Journals Perspective The Tattoo

OUCH! The agony of navel ring removal

BRISTOL, Connecticut, U.S.A. — On a fateful July day, while on vacation 300 miles away from my home, my friends, and my parents, I marched into my second piercing parlor (or should I say piercing parlor/wig shop) of the day. My goal: to have a steel rod shot through my navel.
Sound like fun?
Well, it did to me — at least at first.
Entering the tiny store in the corner of an unknown mall in the middle of Ohio I was armed with the following facts:
A) Having your navel pierced is like having surgery. It leaves an open wound which takes six to nine months to heal and during that time is very susceptible to bacteria and other nasty infection causing problems.
B) My chances of forming an infection were 40 percent.
Since the chance of infection was so high, I had to wear loose clothing that came above and below my navel, so no chaffing, which could cause irritation leading to infection, would occur.
I could not take baths (yes, I could shower), swim in pools, or go on water rides which could splash germ-infested water onto my precious exposed navel.
Keep in mind the month was July.
Until one week after the ‘surgery,’ I had to keep ointments like Bacitracin on the wound to help promote healthy healing. After that, I had to religiously wash my piercing out with a salt water mixture.
Yes, I had to rub salt in my own wound.
Despite knowing I was doomed, I still wanted this.
I wanted this piercing for no good reason but my own wishing, wanting, will, and because I could. Somehow my guardian, a family friend, persuaded the piercer/grim reaper of death, that it really was okay with my parents to let this happen — even though we both knew they would flip.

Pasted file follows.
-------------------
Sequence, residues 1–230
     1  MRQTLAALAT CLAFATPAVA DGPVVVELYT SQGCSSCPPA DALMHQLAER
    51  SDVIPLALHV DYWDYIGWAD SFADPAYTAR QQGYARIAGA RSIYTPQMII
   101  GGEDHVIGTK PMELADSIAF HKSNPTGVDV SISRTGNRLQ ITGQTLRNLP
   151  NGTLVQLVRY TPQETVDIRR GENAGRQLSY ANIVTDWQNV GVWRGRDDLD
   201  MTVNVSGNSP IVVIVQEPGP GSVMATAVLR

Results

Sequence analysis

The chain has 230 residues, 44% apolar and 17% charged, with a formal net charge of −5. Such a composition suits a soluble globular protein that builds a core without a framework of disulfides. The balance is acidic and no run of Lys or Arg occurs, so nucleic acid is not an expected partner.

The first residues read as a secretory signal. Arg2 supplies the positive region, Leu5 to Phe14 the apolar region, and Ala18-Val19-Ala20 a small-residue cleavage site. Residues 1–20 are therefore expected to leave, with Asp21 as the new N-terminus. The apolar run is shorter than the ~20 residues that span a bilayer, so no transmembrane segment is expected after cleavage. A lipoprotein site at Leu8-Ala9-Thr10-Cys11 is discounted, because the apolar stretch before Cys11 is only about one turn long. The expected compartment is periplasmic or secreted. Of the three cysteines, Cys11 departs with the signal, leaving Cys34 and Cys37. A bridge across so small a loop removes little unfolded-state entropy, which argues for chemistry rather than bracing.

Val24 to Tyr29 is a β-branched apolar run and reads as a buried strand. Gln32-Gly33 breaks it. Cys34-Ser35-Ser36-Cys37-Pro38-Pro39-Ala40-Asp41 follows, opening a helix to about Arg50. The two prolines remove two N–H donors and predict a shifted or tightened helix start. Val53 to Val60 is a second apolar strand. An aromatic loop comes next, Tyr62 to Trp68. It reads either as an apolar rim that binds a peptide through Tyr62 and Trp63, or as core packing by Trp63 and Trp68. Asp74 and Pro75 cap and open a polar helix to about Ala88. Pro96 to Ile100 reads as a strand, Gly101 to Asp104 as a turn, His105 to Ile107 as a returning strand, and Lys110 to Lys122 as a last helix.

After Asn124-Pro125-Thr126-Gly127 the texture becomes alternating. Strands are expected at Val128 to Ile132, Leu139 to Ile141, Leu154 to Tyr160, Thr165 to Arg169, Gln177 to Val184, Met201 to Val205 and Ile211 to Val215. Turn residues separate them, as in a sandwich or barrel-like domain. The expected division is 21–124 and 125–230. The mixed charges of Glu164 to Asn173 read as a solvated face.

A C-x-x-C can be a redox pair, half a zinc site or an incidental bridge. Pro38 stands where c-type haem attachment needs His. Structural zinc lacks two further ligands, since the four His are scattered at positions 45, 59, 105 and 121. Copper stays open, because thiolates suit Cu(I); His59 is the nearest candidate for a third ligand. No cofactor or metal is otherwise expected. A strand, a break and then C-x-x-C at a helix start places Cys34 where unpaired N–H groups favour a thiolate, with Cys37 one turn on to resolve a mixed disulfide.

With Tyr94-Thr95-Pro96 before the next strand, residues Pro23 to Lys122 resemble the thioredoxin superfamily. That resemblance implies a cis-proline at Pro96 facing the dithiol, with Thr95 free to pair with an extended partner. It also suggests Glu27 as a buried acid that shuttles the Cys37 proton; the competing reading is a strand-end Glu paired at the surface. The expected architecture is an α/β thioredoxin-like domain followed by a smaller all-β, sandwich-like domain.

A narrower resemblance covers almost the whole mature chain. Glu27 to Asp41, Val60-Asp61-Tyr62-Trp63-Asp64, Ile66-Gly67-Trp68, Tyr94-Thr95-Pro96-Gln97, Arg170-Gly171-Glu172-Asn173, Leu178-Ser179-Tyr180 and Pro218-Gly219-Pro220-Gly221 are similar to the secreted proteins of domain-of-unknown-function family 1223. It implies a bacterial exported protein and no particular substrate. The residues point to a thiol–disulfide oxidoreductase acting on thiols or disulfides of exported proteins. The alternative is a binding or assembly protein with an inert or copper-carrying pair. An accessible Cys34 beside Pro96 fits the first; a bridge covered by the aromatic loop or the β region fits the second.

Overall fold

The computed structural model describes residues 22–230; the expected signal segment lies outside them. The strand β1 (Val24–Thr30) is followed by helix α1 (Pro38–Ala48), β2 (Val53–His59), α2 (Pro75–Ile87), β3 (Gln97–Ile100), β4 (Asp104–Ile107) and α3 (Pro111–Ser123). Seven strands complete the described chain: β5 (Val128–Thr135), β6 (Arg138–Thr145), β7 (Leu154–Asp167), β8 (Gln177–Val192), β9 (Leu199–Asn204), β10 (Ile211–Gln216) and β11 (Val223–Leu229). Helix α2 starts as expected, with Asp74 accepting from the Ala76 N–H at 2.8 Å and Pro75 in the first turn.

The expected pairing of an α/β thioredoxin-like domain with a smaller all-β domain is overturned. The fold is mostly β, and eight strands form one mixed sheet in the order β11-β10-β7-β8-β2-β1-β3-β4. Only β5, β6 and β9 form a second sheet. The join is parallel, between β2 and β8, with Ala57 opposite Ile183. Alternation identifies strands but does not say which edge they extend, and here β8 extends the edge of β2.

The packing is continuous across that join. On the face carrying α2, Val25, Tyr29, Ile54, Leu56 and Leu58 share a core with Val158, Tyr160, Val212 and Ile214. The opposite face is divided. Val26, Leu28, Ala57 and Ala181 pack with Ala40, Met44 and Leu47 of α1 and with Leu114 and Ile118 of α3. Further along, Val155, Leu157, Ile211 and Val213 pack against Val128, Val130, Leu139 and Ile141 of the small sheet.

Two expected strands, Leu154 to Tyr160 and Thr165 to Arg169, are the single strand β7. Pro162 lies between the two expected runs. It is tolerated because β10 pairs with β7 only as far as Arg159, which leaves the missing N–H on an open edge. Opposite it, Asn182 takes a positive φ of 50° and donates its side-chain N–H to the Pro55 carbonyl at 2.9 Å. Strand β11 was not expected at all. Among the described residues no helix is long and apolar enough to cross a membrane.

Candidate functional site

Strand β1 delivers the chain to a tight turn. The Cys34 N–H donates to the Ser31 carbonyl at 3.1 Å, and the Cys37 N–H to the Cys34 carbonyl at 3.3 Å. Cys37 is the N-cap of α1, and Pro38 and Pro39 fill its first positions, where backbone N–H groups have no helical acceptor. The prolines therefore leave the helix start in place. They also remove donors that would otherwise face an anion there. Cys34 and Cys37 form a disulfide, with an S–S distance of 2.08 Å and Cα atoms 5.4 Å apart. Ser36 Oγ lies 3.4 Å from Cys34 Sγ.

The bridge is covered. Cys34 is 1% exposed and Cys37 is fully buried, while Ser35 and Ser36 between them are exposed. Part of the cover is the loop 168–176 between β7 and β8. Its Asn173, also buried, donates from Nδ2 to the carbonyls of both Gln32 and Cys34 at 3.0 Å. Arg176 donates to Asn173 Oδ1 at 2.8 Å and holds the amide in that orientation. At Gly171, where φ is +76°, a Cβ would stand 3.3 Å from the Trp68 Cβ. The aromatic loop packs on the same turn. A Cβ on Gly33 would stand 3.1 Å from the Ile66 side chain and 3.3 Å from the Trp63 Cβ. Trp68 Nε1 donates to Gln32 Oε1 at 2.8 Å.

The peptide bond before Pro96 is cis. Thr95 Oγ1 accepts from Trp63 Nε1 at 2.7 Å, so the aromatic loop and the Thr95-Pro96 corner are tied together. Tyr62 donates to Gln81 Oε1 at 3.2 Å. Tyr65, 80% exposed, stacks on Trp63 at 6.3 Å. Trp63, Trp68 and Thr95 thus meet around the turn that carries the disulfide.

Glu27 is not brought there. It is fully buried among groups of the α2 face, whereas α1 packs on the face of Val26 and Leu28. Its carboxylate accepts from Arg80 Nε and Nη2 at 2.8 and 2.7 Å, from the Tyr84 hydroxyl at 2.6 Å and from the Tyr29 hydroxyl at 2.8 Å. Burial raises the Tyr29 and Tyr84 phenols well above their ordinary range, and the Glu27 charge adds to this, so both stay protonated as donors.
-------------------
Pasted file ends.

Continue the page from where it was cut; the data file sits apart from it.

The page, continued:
My uncleaned stomach was now in the unwashed hands of a worker who obviously didn’t have a clue about what she was about to do.
She aimed the piercing gun at my stomach and fired away.
The next thing I remember is having the steel of the earring ripping threw my skin and having my body hit the floor.
I passed out.
After 20 minutes of getting air and paying $40 to the nice-but-extremely-clueless woman, I was out the door.
I later learned that body piercing is supposed to be done with a needle. Using guns raises the chances of infection — and it’s illegal in some states.
I also learned that I had to avoid any contact with my navel for the next week. If anything touched it, I winced. I didn’t sit without wincing for the next four days.
In the shower I had to turn this rod without screaming out loud so my skin wouldn’t heal directly on the earring itself. You don’t know pain until you’ve done this.
Finally, after two weeks of pure torture (not to mention not being able to swim on my summer vacation) I returned home to even more pain.
Furious at me for going against their wishes, my parents grounded me and forced me to remove my beloved — and still healing — navel ring.
Though getting my navel pierced hurt, the pain of taking it out sent me into orbit.
You are more than likely asking yourself, what was she thinking? I don’t have a clue.
What do I have to show for this incident? Some memories, a large scar, a hole that’s not yet healed, and this to say: WHEN CAN I DO IT AGAIN?

Jessica Norton is a Reporter for Youth Journalism International.

Leave a Comment